Talking Turkey Turds

Carol Overland - Legalectric - 6 hours 28 min ago

Hot off the press from David Morris – ILSR, a demolition of the Benson Burner celebratory historical podcast about burning turkey shit. The ILSR podcast gets into some of the origin of the “biomass mandate,” the history of Fibrominn, Fibrowatt from England, and in Maryland, where chicken shit was polluting land and water.

Turkey Talk: Energy Policy and Thanksgiving (Episode 86)

I so well recall the hours and hours of testimony about turkey turds back in 1998, when state Sen. Steve Novak, chair of Minnesota’s Senate Energy Committee (and on of the orchestrators of the 1994 Prairie Island bill that pushed biomass as part of the deal to keep Prairie Island nuclear plant open) refused to let “our” bill be heard that would delete the alternate site mandate to site nuclear waste “in Goodhue County.” Burning turkey shit was ahead of our bill on the agenda, and so hours and hours and hours of testimony. Of the many, many “environmental” groups in Minnesota, ILSR was the ONLY one opposing this turdful idea, and in that 1998 session, David Morris testified in excruciating detail about why burning turkey shit was a bad idea, more than I ever wanted to know about turkey shit.

So glad to see this go:

Benson biomass power plant thunders to ground in explosive demolition

Fibrowatt was run out of Delaware when they wanted to burn chicken shit there, thanks to Alan Muller and Green Delaware. That was when I’d first heard from Alan, way back in 2002, warning about Fibrowatt as they pushed into Minnesota!

When Xcel filed for permission to get out of the turkey shit Power Purchase Agreement (PUC Docket 17-530), Alan Muller and I filed comments:

20179-135237-01_Overland CommentDownload 20179-135238-01_Muller CommentDownload 20179-135581-01_Muller2Download

Note that not one of the many funded “environmental” groups weighed in on this!

The Commission gave Xcel what it wanted, including $20 million to the City of Benson…

20181-139242-02_Order Approving Petitions, Approving Cost Recovery Proposals, and Granting VariancesDownload

WHY would the PUC reward Xcel this way? Cancelling the Xcel PPAs and shutting down that Benson plant, and also the Laurentian Energy Authority, that was good, but the pay offs? Doesn’t seem reasonable to me.

And while you’re at it, check this out from ILSR on a “renewable” issue here in Minnesota and elsewhere:

Report: Waste Incineration: A Dirty Secret in How States Define Renewable Energy

Categories: Citizens

FERC cuts transmission ROE largess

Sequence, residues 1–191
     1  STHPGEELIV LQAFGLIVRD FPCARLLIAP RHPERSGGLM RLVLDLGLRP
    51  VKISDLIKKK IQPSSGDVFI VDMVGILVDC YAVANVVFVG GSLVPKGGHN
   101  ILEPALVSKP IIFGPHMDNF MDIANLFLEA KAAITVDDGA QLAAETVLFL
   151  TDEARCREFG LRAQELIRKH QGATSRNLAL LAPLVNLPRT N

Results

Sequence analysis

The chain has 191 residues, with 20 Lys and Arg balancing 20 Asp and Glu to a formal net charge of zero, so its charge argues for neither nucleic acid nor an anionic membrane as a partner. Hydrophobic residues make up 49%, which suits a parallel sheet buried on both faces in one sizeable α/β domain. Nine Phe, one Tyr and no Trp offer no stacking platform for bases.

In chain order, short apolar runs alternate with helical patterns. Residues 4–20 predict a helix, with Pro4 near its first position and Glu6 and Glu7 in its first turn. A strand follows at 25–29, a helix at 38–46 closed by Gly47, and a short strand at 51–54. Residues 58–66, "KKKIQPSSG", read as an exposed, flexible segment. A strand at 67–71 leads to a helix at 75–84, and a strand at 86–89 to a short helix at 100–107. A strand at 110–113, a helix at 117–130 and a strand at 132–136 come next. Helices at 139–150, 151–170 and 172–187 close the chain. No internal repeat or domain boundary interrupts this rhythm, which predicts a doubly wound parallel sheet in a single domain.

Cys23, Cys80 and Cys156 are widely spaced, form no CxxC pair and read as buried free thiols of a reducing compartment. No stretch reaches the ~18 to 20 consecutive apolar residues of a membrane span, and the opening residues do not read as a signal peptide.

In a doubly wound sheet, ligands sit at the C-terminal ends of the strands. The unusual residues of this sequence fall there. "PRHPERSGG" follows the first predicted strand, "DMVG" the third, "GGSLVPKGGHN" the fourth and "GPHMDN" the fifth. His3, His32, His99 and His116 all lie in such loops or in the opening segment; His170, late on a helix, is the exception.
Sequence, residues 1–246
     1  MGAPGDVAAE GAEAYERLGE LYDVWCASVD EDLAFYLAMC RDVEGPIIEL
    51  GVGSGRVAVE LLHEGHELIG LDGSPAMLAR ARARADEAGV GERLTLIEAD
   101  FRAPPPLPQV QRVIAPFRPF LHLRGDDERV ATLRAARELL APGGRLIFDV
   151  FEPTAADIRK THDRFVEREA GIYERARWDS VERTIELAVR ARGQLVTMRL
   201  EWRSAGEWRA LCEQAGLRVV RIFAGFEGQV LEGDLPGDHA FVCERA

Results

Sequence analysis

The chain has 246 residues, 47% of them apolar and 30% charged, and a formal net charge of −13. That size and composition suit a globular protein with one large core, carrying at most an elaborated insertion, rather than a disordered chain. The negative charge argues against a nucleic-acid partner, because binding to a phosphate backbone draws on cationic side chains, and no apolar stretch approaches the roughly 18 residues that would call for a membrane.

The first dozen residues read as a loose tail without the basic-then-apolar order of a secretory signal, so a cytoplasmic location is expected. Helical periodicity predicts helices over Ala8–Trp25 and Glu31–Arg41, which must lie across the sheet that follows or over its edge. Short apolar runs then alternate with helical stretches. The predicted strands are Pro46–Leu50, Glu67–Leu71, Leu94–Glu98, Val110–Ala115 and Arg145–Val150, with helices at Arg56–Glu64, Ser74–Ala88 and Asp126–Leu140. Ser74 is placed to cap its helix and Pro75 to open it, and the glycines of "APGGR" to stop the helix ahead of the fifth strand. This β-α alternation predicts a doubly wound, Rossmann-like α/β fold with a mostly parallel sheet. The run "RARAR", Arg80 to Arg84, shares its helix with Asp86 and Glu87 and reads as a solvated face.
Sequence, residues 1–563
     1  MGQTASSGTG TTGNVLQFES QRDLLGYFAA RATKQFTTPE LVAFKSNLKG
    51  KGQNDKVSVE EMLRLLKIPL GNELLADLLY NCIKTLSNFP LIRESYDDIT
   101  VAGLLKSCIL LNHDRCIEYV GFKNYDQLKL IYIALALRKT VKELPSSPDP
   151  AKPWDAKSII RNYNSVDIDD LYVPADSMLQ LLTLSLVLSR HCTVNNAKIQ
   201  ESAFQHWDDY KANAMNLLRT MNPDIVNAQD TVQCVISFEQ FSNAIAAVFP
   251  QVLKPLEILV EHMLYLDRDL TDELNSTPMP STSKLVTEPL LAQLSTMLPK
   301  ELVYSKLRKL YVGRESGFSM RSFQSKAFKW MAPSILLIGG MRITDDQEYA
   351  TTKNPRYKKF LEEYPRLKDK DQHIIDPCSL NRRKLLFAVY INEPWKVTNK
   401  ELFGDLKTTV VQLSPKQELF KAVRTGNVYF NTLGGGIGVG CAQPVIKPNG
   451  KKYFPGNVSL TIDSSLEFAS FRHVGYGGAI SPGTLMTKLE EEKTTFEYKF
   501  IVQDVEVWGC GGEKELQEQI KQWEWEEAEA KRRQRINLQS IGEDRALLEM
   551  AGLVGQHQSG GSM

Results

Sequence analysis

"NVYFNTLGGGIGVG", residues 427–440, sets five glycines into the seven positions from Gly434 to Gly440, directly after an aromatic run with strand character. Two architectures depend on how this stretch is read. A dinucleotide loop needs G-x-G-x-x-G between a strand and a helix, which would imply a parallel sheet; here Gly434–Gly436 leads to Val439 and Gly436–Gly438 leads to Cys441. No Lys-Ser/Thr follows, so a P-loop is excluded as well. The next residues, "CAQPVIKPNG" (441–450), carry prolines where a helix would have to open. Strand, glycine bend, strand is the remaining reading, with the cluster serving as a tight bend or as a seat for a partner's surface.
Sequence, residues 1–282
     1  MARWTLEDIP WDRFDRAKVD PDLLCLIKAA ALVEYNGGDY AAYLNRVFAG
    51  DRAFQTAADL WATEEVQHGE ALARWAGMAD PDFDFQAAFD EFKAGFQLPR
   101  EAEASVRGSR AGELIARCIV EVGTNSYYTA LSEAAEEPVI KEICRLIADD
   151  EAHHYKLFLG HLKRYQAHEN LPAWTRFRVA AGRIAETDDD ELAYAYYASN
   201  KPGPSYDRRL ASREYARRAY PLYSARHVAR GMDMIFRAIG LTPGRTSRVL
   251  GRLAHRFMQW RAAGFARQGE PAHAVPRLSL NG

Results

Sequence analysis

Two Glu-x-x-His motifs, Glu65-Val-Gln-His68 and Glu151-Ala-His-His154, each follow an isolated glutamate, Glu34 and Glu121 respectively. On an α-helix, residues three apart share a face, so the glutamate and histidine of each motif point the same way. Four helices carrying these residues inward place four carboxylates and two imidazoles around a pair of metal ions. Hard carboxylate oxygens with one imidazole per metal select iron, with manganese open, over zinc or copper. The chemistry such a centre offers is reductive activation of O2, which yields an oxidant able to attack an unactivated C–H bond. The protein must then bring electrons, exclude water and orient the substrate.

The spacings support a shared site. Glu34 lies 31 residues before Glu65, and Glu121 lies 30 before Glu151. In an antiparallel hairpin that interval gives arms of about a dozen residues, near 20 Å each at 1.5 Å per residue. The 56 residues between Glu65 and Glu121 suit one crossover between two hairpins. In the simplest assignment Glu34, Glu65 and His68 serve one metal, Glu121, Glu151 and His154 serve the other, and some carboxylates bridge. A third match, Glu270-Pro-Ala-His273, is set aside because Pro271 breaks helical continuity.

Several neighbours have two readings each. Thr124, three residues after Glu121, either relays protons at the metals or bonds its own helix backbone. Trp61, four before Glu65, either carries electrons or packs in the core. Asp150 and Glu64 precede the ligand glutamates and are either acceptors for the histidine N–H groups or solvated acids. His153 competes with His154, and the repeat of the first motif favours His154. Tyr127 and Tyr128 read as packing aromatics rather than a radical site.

Carol Overland - Legalectric - Wed, 12/04/2019 - 9:40pm
Transmission over Red Wing’s new Memorial Park stone picnic benches

Since pre-CapX 2020, and lately in MISO’s MVP 17 project portfolio, it’s been clear that cost apportionment and return on equity were primary drivers of transmission. But for the massive return on equity to the transmission owners, would there have been, would there be, a transmission build-out?

And at last, there’s good news!!!

FERC applies new transmission ROE policy to MISO, slashes rate to 9.88%


Here’s the FERC Order:

E14-12-003_FERC ORDER_November 21, 2019Download

FERC originally approved a 12.38% ROE for transmission projects in 2003 (see Midwest Indep. Transmission Sys. Operator, Inc., 99 FERC ¶ 63,011 (2002)), There were two complaints filed by MISO customers, lots of them, saying the rates were unreasonable:

It was set for hearing in 2014… yes, 2014, five years ago:

EL14-12-000_Order Setting for Hearing 10-16-2014Download

And the timeframe that this was bubbling is a material factor. The FERC Order authorizing all these perks was 2006, when the CapX 2020 Certificate of Need was filed, when the Minn. Stat. 117.189 eminent domain provisions were passed in prelude to CapX 2020 condemnations, the big transmission build-out was beginning, waiting for the stars to align. And align they did, not just with Minnesota legislation, but federal legislation and agency Orders and rules.

FERC authorized that many other perks be made available to transmission owners, based on premises in its Order 679:

FERC Order 679 – July 20, 2006Download

The “incentives” included return on equity (established at 12.38% for MISO with the exception of ATC, set at 12.20%) in a series of decisions from 2002-2004), Construction Work on Progress, or CWIP (also covered in Minnesota statute), and a guarantee of recovery of costs of abandoned facilities. From Order 679’s table of contents, the list:

Have you ever heard of a transmission project abandoned? I can think of only a couple… the risk of that happening is not high.

And whew, did transmission project costs skyrocket (though I’d like to see the full chart 2006 to present!):

Beyond the rate of return on equity, here’s another example of a perk provided:

This Recovery of Costs of Abandoned Facilities “incentive” was approved for American Transmission Company (ATC) and ITC’s recently permitted (in Wisconsin) Cardinal-Hickory Creek transmission line.

* FERC Order Adopting Abandoned Plant Incentive – American Transmission Company (ATC) ER19-360-000Download * FERC Order Adopting Abandoned Plant Incentive – ITC Midwest LLC ER19-355-00Download